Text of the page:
Who is your hero?

MAX (Muslim Awards for Excellence) is an organisation dedicated to recognizing and celebrating the high calibre of Canadian Muslims and non-Muslim allies. The nomination deadline for this year’s awards is April 15, 2017. Nomination submissions are open to the public, at www.maxgala.com/nominate.

Canadian Muslims are doing amazing things, even in unexpected places. Take a look at these unconventional movers and shakers below, for instance. You may know of some, get acquainted with the rest

1. Nazem Kadri

Hailing from London, Ontario, Nazem Kadri is the first Muslim drafted into the Toronto Maple Leafs, where he plays centre. Nazem is of Lebanese descent and began playing professionally at the age of 18.

2. Ryhana Dawood

Scarborough native and medical resident Ryhana Dawood offers self-defense classes for Muslim women in her local community. An avid fan of martial arts, and an accomplished martial artist herself with a certified black belt in karate and taekwondo, she chose to use her talents as a response to the general feeling of unease that many visibly Muslim women feel. (P.S. She’s also one of our 2016 scholarship recipients!)

3. Yusra Khogali

You may have heard of Black Lives Matter – a group centred on dismantling forms of Black-centred oppression and violence. BLM Toronto was co-founded by Yusra Khogali. Yusra has been no stranger to criticism in her role as a passionate and outspoken leader of BLM Toronto. This hasn’t deterred her from continuing to speak out as a strong advocate for Black rights.

4. Maryam Monsef

Maryam Monsef’s story is a testament to not only Canadian Muslims but to immigrants as well. Born to Afghan parents in Iraq, who had fled their homeland due to war, Maryam faced several hardships; including her father being killed on the Iran-Afghanistan border. Her family immigrated to Canada in 1996. Since then, Maryam studied politics at university and now holds the esteemed position of Minister for the Status of Women in Trudeau’s cabinet. Maryam has been a tireless community advocate, and in her spare time runs a charity to raise funds for Afghan women.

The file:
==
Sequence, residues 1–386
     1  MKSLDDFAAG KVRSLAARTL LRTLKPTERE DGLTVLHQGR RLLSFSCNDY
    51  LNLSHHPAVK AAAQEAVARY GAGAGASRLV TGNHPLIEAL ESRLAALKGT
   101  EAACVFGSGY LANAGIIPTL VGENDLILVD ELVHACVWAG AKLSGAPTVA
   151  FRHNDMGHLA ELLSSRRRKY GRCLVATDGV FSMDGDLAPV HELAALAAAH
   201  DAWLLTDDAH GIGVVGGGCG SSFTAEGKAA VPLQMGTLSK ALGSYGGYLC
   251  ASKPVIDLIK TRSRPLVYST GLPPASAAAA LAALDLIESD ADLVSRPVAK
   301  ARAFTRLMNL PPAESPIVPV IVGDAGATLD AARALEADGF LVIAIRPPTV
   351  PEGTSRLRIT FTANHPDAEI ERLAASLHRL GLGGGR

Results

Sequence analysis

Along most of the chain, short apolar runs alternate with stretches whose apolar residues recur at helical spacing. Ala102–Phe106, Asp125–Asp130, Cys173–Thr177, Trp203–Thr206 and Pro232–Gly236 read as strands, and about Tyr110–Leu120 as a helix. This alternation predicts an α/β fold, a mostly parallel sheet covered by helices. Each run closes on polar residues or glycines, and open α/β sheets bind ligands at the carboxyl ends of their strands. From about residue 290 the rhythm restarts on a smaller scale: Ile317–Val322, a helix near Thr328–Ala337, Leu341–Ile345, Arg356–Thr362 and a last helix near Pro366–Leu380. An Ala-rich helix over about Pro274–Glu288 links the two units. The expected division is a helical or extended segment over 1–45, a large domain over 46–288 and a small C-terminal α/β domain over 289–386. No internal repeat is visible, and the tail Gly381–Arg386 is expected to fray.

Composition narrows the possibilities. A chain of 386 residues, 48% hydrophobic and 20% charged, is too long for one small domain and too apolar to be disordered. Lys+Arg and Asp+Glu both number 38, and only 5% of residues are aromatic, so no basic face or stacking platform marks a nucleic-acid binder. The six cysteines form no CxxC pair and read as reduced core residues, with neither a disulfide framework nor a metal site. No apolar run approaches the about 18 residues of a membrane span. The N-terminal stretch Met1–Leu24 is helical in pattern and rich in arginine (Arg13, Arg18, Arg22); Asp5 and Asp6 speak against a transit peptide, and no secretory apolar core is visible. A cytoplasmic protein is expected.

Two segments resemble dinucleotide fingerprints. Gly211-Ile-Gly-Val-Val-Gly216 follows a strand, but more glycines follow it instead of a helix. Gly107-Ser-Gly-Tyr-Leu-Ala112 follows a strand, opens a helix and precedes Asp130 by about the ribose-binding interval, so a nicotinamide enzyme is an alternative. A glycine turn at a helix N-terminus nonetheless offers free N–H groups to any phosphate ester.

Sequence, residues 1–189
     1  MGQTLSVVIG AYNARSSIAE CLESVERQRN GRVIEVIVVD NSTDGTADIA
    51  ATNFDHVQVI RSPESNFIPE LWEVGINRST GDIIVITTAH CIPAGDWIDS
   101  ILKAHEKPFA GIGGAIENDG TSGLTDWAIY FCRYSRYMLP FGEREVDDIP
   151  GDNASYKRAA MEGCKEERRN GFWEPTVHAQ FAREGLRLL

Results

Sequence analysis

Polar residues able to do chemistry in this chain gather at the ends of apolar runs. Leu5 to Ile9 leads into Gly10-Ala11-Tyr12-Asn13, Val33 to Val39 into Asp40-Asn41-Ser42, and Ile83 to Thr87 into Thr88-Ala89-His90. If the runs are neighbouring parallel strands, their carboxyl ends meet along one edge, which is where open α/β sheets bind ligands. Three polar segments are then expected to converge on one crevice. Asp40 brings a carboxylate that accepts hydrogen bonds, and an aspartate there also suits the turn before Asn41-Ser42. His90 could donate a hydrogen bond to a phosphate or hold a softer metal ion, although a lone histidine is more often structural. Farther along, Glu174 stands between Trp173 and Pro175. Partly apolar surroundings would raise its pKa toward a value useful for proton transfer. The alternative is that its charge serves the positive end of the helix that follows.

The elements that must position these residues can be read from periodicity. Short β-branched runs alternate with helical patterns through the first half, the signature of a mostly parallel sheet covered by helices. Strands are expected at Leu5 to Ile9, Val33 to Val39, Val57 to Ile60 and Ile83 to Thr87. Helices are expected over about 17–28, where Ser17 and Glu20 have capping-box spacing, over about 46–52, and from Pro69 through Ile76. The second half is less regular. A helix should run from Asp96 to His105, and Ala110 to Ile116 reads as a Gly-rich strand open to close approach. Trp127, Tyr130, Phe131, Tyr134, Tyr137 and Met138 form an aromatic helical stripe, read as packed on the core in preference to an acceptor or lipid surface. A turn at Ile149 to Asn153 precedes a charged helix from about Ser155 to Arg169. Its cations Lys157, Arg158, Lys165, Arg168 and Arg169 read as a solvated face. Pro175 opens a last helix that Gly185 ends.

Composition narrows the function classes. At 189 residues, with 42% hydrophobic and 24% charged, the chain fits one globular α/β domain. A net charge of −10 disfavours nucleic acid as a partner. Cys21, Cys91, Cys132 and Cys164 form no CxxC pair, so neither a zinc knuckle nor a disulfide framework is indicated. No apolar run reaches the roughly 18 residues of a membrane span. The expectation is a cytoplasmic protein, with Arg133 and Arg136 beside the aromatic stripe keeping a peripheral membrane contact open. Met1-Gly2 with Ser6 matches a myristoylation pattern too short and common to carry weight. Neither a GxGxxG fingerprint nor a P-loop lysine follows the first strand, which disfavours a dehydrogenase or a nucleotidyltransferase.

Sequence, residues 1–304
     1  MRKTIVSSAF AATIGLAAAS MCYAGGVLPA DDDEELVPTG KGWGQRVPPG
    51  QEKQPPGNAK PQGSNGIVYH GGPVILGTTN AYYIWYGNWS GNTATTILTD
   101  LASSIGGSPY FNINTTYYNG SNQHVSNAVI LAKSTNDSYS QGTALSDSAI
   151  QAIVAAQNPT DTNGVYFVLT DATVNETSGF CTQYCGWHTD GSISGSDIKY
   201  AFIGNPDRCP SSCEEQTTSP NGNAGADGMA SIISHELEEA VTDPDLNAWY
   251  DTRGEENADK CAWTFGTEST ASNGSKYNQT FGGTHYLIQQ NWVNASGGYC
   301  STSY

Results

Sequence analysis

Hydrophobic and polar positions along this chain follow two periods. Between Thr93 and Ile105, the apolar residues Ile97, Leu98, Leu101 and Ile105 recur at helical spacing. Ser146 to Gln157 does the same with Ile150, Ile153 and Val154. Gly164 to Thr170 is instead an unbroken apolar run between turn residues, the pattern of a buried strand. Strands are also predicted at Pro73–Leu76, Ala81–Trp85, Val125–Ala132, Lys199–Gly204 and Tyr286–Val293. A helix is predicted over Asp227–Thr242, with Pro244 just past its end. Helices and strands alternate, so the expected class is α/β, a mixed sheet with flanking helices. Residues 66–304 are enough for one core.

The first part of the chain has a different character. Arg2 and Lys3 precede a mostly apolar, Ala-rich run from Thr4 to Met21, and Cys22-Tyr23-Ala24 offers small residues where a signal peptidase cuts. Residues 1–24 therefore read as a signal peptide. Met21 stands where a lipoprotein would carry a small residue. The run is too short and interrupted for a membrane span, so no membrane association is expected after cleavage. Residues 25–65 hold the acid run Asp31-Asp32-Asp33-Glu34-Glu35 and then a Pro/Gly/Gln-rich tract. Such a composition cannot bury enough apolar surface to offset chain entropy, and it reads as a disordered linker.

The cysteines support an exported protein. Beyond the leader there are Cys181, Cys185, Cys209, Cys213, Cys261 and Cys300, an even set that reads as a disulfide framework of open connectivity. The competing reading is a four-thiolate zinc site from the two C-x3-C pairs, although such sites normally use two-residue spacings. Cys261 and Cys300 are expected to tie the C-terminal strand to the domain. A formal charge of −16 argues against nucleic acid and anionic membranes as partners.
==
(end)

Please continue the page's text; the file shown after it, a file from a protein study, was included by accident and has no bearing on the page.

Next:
5. Samra Zafar

Samra Zaffar’s story is a harrowing one. She grew up in the United Arab Emirates; at the age of 16 she moved to Canada after being forced into an abusive marriage. Since divorcing her husband, Samra has not only become the commercial accounts manager for RBC but a passionate public speaker highlighting awareness around female empowerment. Samra also began a non-profit dedicated to helping women from underprivileged backgrounds build their lives.

6. Yassin Alsalman

Montreal-raised and UAE-born Yassin Alsalman is better known as ‘The Narcysist’, or ‘Narcy’, to his ardent fanbase. He has worked in television, film and music and has combined his love of rap, religious identity, and activism. When he’s not creating music that highlights the Muslim and Arab experience, he can be found at Concordia University lecturing students on Hip Hop History.

7. Boonaa Mohammed

Born and raised in downtown Toronto, Boonaa’s love of rhyme and poetry has made him one of the most recognizable voices in the spoken word community. He speaks beautifully on topics ranging from Islam, immigration, his own family, and his identity as a Canadian of Ethiopian ethnicity. Boonaa has fans worldwide, and his work has won several national awards.

Do you know of any up and coming Canadian Muslims that deserve to have their talent and hard work recognised? Consider nominating them for a MAX Gala award! Our award categories include Woman of the Year, Emerging Venture of the Year, and the Platinum Awards of Excellence, amongst others. You can find out more about MAX at www.maxgala.com.

Nominate YOUR hero by April 15, 2017!

This post was published on the now-closed HuffPost Contributor platform. Contributors control their own work and posted freely to our site. If you need to flag this entry as abusive, send us an email.